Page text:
How many concurrent connections can MySql handle?

I am a member of a PhpBB soccer forum, and during games, a lot of members like to gather at the site giving a running commentary for folks who cannot watch. Of course there are also a lot of users reading the posts. Usually the site will crash after some event (like a goal) … I don’t know how many folks are using the forum when it crashes but I want to say anywhere from 100 - 200 users.

Is there is anything that can be done or is it time to move to another RDBMS.

when installing MySQL there is 3 options:
Decision Support (DSS)/OLAP: Choose this option if your server does not require a large number of concurrent connections. The maximum number of connections is set at 100, with an average of 20 concurrent connections assumed.

Online Transaction Processing (OLTP): Choose this option if your server requires a large number of concurrent connections. The maximum number of connections is set at 500.

Manual Setting: Choose this option to manually set the maximum number of concurrent connections to the server. Choose the number of concurrent connections from the drop-down box provided, or type the maximum number of connections into the drop-down box if the number you desire is not listed.
(this list contains up to 1400)

i hope it answers your question.


Thanks for the lightning fast response.
The MySQL database is already installed, anyway I can tweak the configuration files to increase the concurrent users to 1400 (I’m assuming thats the max right?)
Can MySQL really handle 1400 users concurrently reading and writing to the database?!

well, in practice! i don’t know! this part of your question should wait for a GURU!

Thanks Chagh … I hear them coming now :slight_smile:

is your server software actually crashing? is so, you need to look for problems or upgrade to newer stable versions. even in high loads, your server should not be crashing.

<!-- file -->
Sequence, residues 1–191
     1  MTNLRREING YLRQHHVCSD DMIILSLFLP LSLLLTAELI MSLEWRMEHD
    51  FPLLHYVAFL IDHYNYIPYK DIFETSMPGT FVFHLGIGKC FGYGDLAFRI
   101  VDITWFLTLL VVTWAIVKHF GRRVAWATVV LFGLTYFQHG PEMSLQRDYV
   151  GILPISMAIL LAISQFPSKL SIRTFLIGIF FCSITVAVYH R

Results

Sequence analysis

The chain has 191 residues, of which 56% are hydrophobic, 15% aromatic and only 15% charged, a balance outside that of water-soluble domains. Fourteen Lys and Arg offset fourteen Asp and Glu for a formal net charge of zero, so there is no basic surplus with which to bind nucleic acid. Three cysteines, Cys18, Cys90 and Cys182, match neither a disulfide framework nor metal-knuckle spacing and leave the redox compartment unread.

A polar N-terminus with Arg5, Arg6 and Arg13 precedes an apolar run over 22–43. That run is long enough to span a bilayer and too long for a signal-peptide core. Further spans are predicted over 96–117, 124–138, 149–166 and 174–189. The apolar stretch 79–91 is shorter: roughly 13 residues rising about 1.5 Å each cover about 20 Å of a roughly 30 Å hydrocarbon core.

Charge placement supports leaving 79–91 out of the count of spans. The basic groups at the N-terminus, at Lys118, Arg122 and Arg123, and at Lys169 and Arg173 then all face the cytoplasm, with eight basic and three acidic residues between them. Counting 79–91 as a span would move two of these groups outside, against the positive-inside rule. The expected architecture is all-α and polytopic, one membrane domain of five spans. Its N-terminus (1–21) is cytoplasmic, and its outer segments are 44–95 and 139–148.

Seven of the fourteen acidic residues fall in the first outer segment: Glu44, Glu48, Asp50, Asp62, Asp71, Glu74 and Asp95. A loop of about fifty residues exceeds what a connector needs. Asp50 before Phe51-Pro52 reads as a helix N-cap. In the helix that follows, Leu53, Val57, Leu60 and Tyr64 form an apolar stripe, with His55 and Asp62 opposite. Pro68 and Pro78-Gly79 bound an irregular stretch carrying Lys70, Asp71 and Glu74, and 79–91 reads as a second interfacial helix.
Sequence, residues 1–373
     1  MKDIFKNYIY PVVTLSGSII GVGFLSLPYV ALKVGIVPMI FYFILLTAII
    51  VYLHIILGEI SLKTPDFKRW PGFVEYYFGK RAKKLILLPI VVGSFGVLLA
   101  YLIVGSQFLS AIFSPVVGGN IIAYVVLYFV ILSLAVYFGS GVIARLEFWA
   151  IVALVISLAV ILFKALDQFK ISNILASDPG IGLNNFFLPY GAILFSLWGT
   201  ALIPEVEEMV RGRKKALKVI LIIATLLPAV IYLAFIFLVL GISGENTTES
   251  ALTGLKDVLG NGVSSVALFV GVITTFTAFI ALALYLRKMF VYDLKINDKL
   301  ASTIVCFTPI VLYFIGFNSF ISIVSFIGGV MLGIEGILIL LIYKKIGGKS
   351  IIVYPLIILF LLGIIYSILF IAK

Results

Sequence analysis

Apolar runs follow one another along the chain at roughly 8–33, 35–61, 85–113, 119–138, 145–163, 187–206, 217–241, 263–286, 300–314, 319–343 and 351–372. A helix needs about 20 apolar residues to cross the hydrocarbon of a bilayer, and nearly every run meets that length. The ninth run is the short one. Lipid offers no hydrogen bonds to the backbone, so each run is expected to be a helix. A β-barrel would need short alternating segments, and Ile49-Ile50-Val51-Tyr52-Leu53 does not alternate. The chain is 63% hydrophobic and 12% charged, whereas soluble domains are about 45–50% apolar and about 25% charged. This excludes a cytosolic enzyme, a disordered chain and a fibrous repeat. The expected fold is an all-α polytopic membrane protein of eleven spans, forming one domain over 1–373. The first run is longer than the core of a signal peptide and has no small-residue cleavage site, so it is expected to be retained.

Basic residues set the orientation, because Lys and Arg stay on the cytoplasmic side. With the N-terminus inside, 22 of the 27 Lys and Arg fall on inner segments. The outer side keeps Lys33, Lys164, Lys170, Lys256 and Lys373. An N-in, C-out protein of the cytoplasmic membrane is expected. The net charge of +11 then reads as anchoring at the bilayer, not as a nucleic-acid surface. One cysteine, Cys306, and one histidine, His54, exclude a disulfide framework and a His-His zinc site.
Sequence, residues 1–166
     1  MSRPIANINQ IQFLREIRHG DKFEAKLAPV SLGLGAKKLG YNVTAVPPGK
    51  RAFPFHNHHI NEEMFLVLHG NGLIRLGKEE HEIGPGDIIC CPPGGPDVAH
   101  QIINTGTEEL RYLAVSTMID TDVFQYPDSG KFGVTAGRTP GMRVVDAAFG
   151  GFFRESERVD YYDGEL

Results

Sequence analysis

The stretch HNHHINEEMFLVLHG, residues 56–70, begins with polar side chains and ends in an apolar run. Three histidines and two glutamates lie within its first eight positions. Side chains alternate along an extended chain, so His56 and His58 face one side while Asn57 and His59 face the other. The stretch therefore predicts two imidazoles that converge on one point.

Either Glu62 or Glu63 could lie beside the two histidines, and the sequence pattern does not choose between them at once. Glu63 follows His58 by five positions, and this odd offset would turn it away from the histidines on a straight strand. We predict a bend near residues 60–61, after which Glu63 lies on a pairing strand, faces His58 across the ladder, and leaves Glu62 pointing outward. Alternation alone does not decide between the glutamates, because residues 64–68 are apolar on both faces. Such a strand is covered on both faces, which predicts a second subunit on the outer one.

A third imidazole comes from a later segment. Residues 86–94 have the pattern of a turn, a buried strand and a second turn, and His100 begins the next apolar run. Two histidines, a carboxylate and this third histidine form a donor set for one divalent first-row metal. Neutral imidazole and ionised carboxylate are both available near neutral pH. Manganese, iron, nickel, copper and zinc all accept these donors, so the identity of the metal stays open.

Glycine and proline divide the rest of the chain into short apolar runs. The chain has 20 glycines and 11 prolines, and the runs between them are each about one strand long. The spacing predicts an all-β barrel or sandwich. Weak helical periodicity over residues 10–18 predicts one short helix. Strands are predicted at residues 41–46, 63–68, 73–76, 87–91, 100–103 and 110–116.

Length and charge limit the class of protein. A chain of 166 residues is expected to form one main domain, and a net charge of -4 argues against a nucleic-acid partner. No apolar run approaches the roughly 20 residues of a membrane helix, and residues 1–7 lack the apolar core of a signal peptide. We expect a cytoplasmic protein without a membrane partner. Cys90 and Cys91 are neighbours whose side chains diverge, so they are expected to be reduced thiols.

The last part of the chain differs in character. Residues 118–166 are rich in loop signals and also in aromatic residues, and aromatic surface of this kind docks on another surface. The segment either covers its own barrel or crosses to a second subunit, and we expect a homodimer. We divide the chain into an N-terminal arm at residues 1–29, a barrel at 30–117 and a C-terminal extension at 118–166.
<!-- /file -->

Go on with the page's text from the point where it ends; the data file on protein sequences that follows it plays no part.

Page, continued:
now, before you start pointing your finger at mysql, you need to figure out if mysql is actually the problem. it’s just as likely to be your webserver, in which case you need to limit your connections to your webserver, not increase them.

but here are some things you need to look at on the SQL side:

first thing is to look at your mysql configuration. mysql comes with a handful of configuration files for different server loads. try implementing the medium or large configuration file, making sure to copy your server-specific settings like data path.

you should also turn on the query cache (see it may not help depending on how the application written, but if it doesn’t help, it doesn’t add much overhead.

also look at turning on the logs, particularly the slow-query-log as well as apaches logs…find out where the bottleneck is.

upping the max_connections will add some performance, but tuning the sql and properly closing the connections(mysql_close) as soon as you are finished with them, (tuning the application) is likely to garner more success.

also make sure you have the proper indeces on the db tables…any where clause should be indexes. check to make sure that the indexes that exist are valid, an index on the wron column can easily bring a db down to its knees. check to make sure that when you do a search on a table you only bring back the minimum of rows that you need, don’t suck in the entire table if you don’t have to, thats another big performance hit…